AN UNCOMMON THOUGHT

"The real trick to life is not to be in the know, but to be in the mystery."
-Fred Alan Wolf

29 January 2017

Pathways.


We should not force ourselves to change by hammering our lives into any predetermined shape. We do not need to operate according to the idea of a predetermined program or plan for our lives. Rather, we need to practice a new art of attention to our inner rhythm of our days and lives. This attention brings a new awareness of our own human and divine presence. A dramatic example of this kind of transfiguration is the one all parents know. You watch your children carefully, but one day they surprise you; you still recognize them, but your knowledge of them is insufficient. You have to start listening to them all over again.

It is far more creative to work with the idea of mindfulness rather than with the idea of will. Too often people try to change their lives by using the will as a kind of hammer to beat their life into proper shape. The intellect identifies the goal of the program, and the will accordingly forces the life into that shape. This way of approaching the sacredness of one’s own presence is externalistic and violent. It brings you falsely outside your own self and you can spend years lost in the wilderness of your own mechanical, spiritual programs. You can perish in a famine of your own making.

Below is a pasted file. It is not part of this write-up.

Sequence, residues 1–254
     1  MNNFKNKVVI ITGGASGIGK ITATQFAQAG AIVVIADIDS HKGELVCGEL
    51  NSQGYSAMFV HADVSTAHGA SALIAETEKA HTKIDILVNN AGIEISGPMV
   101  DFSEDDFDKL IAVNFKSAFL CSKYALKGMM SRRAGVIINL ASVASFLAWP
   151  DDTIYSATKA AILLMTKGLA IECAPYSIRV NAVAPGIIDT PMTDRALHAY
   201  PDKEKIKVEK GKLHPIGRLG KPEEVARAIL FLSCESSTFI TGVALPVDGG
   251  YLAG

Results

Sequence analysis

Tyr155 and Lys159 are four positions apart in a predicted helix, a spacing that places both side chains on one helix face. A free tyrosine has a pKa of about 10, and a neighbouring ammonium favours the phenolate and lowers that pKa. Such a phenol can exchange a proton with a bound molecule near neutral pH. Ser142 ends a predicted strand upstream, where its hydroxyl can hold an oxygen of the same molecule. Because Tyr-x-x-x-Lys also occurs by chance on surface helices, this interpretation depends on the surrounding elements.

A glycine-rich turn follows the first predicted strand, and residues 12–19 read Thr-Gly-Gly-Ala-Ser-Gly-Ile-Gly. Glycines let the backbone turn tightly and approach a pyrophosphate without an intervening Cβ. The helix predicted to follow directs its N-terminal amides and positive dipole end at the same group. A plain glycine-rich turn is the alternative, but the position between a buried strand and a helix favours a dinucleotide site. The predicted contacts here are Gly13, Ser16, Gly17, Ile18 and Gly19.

If you work with a different rhythm, you will come easily and naturally home to your self. Your soul knows the geography of your destiny. Your soul alone has a map of your future, therefore you can trust this indirect, oblique side of your self. If you do, it will take you where you need to go, but more importantly it will teach you a kindness of rhythm in your journey. There are no general principles for this art of being. Yet the signature of this unique journey is inscribed deeply in each soul. If you attend to your self and seek to come into your own presence, you will find exactly the right rhythm for your life. The senses are generous pathways which can bring you home.

John O’Donohue 

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